[erlang-questions] Announcing Erlang.org Code of Conduct
Tue Mar 24 15:05:36 CET 2015
Perhaps we could quote common moral values from holy books and put them in the CoC.
For example, Matthew 7:12 and Luke 6:31.
But wait, just a list of different and reused holy quotations could consitute the whole CoC.
Reuse is common in software I have heard.Den 24 mar 2015 13:08 skrev Tuncer Ayaz <>:
> On Tue, Mar 24, 2015 at 5:52 AM, Joe Armstrong wrote:
> > I view discussion CoC to be a light diversion from discussing
> > programming problems. A form of relaxation.
> > Hearing my learned colleagues point of view on such matters is
> > enlightening.
> > If I had one rule it wouldn't be "be nice" it would be "try not to
> > be boring" - but niceness and boringness are in the eye of the
> > beholder ...
> I hope we can refine things like that in the CoC to be more precise
> and less ambiguous. Writing the draft, we tried our best, but certain
> words may carry a different meaning given changing audiences. Also, a
> words's meanings will change over time, but that's what a timestamp is
> for. For example, we thought we made it clear that cursing/swearing is
> only acceptable if it's in a non-hateful manner directed at
> non-personal things, say, a piece of code. The idea was that one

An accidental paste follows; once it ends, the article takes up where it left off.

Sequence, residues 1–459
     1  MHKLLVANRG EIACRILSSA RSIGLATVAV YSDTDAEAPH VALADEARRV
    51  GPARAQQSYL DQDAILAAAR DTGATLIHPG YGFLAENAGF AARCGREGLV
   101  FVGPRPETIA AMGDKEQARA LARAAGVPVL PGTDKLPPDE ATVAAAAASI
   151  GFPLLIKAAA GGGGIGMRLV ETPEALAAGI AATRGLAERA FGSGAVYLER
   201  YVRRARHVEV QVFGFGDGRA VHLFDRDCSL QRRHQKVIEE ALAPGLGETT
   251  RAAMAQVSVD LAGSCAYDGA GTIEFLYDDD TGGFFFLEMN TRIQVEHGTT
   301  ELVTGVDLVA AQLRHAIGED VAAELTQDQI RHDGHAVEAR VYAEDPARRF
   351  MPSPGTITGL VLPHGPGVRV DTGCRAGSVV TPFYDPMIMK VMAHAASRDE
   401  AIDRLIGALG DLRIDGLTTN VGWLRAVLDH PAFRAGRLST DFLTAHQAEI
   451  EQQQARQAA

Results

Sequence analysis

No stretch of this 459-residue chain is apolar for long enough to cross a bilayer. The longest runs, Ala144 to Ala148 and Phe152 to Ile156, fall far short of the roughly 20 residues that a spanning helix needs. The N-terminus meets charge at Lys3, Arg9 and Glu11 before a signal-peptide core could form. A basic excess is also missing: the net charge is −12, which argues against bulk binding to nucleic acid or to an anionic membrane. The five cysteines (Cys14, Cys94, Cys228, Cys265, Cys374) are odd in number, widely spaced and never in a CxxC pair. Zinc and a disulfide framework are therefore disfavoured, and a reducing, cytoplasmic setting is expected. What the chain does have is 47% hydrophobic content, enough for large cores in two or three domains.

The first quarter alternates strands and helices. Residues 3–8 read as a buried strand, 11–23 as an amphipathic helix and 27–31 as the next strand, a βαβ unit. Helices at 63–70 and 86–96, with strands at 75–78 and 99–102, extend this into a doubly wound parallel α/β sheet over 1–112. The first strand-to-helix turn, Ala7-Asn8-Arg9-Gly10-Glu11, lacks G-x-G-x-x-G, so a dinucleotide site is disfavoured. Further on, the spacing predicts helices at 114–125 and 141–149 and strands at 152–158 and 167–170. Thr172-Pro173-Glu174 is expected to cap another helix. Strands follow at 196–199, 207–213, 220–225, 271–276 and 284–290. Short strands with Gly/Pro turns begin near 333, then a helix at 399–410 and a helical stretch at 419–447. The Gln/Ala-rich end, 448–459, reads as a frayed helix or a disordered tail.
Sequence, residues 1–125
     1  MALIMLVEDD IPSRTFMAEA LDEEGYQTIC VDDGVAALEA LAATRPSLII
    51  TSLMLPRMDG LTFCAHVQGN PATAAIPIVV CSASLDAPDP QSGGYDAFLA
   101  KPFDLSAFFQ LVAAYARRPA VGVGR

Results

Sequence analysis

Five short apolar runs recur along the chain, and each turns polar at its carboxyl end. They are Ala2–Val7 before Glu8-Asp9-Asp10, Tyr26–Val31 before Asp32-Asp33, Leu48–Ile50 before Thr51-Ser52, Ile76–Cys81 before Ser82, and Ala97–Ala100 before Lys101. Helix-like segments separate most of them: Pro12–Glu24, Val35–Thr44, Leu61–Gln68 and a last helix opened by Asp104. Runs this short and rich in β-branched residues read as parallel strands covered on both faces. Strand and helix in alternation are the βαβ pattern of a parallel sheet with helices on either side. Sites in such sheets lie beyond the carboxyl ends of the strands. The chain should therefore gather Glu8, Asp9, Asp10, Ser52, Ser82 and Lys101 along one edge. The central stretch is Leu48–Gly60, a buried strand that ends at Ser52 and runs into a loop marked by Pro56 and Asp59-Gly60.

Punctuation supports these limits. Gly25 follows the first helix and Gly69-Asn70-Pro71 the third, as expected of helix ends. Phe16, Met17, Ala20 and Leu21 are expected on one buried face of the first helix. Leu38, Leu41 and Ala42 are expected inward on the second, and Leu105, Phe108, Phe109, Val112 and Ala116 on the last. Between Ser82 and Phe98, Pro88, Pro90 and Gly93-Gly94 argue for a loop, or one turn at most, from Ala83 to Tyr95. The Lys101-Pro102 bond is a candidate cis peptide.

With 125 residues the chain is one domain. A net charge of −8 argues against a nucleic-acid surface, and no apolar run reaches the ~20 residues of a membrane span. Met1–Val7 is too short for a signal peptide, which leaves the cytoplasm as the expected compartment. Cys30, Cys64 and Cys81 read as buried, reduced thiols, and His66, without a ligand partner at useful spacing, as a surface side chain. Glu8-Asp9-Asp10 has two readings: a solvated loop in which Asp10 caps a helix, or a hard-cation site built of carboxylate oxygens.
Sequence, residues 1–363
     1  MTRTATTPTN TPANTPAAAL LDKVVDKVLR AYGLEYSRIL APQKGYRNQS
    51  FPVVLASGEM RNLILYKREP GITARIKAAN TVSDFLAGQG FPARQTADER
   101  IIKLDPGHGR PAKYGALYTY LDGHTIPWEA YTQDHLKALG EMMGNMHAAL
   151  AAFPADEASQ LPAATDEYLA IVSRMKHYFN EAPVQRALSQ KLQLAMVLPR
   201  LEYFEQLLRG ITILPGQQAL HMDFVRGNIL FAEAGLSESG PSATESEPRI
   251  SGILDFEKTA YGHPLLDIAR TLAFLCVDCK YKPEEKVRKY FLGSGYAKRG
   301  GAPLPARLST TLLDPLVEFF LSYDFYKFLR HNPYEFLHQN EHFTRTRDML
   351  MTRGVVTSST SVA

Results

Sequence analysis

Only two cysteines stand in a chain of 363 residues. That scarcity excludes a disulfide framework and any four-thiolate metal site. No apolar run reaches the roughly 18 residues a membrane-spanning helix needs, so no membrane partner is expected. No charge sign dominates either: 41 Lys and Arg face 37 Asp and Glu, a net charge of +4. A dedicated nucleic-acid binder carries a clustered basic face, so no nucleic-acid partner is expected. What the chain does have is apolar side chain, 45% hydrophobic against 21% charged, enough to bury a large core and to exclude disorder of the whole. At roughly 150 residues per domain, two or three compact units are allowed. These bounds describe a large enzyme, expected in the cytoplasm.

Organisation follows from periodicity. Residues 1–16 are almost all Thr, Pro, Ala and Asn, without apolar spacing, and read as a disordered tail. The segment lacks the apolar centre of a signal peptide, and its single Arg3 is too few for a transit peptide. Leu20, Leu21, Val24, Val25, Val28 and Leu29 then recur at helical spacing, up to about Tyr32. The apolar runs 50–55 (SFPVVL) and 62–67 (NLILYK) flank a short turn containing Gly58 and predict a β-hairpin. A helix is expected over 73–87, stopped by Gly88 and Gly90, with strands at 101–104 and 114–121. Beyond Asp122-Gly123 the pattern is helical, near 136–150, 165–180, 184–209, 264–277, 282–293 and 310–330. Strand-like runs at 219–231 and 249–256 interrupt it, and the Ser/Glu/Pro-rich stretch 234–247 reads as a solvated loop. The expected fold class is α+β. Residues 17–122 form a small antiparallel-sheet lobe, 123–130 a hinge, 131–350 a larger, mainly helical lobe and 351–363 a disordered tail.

> shouldn't go full emotional and curse at each other, while still
> allowing you to vent your frustration regarding a piece of code (or
> tech), if you *really have to*.
> However, text communication loses most of the nuances present in face
> to face conversations. That's why staying focused and avoiding
> formulations that are likely to be mis-interpreted given everyone's
> different backgrounds is a good idea, in terms of having a productive
> conversation. Writing "that function is ****" certainly conveys the
> point for most people, but you're highly likely to offend the author
> or somebody else, and in that process steer the conversation from
> technical facts to something based in emotions. That said, it's
> imortant to clearly state opinions, but there are many ways to do that
> which do not involve cursing/swearing.
> Actually, a statement like "this is ****" has to be followed by an
> explanation anyway, so formulating it as follows is more productive:
> "This looks wrong to me. Are you sure that....?"
> If explaining to someone that their code is completely wrong requires
> callig it names, as they would otherwise not understand the severity,
> there is a deeper communication problem, although it may sometimes be
> the only way. However, if somebody doesn't understand "it's completely
> wrong", I doubt they will have an easier time grasping "this is ****".
> Joe, returning to "be nice", I wasn't aware of the meaning this might
> have to somebody having grown up in a British household. In order to
> avoid that, maybe we should have used the long form "treat others as
> you desire to be treated" (or the "do not ..." version of it). I'm sorry
> about that, but it can be fixed.
> Just like writing code, it's almost always the best option to allocate
> more time to thinking about some statement you're about to make than
> trying out variations until one passes the crash test. In any
> situation, trial and error is seldom the right first action to take.
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